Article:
"The World is indebted for the original idea and to the mechanical genius of John Fitch, of East Windsor, Conn."
Interesting testimonial broadside published by John Hutchings in New York in 1846. As a young boy, Hutchings participated in the launch of John Fitch's famous steamboat on the Collect Pond in Lower Manhattan. With this work, Hutchings hoped to bring renewed attention and honor to Fitch, whom he saw as having made a major contribution to steam-powered transportation, which was so dominant at the time of publication.
In many ways, John Fitch was one of the foremost inventors in American history, though perhaps a few decades ahead of his time. His work on promoting steam-powered vessels resulted in some strange-looking contraptions, but he did produce concrete results and ran the first steam-powered boat route in the country. This did not result in business success and Fitch eventually moved westward to Kentucky where died shortly thereafter.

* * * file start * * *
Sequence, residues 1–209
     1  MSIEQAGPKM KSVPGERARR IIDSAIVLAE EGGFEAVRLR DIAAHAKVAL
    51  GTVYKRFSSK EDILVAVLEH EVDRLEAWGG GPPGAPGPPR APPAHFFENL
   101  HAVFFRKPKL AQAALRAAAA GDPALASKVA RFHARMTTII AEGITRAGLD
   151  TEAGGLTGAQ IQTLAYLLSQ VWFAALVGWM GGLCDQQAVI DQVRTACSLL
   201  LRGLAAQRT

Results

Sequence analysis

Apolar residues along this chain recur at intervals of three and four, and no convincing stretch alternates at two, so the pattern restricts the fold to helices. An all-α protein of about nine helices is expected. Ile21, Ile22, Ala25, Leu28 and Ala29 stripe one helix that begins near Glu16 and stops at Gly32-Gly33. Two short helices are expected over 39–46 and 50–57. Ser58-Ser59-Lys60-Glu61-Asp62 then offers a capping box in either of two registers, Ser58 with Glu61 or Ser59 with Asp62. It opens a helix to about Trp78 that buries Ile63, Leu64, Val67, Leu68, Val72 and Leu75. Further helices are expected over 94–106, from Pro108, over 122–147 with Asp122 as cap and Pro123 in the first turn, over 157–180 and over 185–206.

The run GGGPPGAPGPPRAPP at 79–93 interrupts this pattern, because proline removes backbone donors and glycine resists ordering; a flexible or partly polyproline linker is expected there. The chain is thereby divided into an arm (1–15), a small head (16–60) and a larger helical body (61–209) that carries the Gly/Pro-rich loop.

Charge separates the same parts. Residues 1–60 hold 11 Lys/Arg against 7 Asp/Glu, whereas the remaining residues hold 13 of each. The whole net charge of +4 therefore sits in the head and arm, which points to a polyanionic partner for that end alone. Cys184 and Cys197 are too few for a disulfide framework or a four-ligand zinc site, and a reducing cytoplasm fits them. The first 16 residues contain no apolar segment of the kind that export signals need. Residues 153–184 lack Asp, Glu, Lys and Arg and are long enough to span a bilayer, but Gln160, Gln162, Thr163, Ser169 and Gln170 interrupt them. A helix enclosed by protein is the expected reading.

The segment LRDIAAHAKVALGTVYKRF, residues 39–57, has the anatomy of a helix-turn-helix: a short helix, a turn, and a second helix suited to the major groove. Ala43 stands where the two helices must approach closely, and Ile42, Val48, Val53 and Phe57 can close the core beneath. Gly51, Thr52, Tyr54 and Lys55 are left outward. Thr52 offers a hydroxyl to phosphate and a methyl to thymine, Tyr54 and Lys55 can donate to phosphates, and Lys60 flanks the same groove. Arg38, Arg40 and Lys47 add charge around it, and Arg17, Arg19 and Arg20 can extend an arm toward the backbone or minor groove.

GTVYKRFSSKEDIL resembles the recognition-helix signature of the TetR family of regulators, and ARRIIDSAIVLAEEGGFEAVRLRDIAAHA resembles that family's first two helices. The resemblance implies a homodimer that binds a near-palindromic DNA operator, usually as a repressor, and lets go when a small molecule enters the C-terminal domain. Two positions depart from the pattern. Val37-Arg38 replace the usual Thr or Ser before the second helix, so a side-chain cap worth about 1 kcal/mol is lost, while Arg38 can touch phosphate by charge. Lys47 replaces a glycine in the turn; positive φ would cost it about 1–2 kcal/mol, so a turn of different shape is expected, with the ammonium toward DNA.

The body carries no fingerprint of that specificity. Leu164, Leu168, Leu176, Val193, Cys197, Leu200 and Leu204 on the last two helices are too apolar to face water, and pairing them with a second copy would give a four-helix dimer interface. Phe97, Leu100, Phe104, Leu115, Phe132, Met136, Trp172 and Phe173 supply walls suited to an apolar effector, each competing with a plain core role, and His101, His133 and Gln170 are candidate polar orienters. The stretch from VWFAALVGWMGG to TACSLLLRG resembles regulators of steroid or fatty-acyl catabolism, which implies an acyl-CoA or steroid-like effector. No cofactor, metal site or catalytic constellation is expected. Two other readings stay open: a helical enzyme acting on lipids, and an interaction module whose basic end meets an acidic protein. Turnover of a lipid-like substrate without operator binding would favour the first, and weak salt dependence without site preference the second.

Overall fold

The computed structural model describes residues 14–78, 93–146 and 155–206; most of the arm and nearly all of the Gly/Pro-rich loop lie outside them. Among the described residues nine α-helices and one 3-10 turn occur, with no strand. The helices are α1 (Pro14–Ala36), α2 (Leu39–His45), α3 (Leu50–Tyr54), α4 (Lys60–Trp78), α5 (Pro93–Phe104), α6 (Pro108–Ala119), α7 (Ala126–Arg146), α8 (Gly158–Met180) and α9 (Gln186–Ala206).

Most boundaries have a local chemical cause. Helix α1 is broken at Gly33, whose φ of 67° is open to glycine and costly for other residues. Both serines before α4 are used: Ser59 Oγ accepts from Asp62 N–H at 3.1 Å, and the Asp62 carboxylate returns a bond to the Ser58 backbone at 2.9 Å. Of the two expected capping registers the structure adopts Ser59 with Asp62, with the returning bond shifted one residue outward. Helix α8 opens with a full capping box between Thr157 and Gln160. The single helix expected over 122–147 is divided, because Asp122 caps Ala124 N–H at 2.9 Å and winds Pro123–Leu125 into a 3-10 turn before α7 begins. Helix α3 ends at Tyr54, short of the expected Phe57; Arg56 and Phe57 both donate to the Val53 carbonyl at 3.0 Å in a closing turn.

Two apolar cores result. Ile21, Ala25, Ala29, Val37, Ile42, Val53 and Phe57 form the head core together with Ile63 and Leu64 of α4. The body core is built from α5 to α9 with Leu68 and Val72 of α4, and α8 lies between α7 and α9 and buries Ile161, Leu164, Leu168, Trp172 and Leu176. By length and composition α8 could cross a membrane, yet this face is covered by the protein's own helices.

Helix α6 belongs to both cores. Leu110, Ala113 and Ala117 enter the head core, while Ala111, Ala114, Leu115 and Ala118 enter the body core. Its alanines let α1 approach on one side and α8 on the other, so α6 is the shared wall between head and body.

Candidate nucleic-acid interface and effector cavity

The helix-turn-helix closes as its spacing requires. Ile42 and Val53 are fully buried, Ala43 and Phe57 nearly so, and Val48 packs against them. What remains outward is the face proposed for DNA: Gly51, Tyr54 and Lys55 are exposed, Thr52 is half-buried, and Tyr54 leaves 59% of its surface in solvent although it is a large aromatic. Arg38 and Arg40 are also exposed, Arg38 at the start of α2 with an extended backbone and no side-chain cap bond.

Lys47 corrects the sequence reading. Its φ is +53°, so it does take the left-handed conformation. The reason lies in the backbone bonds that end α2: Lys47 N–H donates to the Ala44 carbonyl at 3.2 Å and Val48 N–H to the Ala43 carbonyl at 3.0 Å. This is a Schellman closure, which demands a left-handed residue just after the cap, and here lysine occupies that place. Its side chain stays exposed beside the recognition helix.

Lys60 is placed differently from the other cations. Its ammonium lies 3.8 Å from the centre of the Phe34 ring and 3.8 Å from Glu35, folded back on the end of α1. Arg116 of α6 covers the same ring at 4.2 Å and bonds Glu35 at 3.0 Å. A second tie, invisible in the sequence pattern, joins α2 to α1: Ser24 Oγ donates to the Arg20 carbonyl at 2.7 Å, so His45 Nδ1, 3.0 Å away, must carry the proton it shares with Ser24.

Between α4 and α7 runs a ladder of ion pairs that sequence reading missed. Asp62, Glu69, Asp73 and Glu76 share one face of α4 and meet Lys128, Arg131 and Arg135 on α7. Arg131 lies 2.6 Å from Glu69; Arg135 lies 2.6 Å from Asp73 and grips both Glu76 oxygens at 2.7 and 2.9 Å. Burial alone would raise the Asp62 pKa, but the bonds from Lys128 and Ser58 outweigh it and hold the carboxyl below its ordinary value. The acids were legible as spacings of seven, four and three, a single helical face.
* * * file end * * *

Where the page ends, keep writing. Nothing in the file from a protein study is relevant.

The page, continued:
Interestingly, Hutchings constructs the broadside as if he expected to not be believed; he includes numerous facsimile signatures alongside testimonies to the events that he claimed occurred and to his own respectability.
Other versions of this image appeared around this time, though we have not seen a complete accounting of them.
The Collect Pond
The original Collect Pond extended, roughly, from modern-day Franklin to Duane Street and to the east of Broadway. The pond was a natural depression with artesian springs and a drainage area that filled with water seasonally. Eighteenth-century engravings show picnickers enjoying the view from the nearby Potter's Hill, noted here below the pond. In the early 19th century Fitch tested one of the first steamboats on the Collect Pond. At the time, he would have been surrounded by slaughterhouses, tanneries, gunpowder storage, bogs and prisons, not exactly a pretty place for an afternoon boat ride. Around 1811, Potter's Hill was dismantled, and the debris used fill in the Collect Pond, over which residential buildings and a major 5-way intersection were constructed. Unfortunately, the artesian springs remained active, causing the new buildings to flood and sag, transforming the area into the notorious and poverty-stricken 'Five Points' district, one of the most desperate slums in American urban history.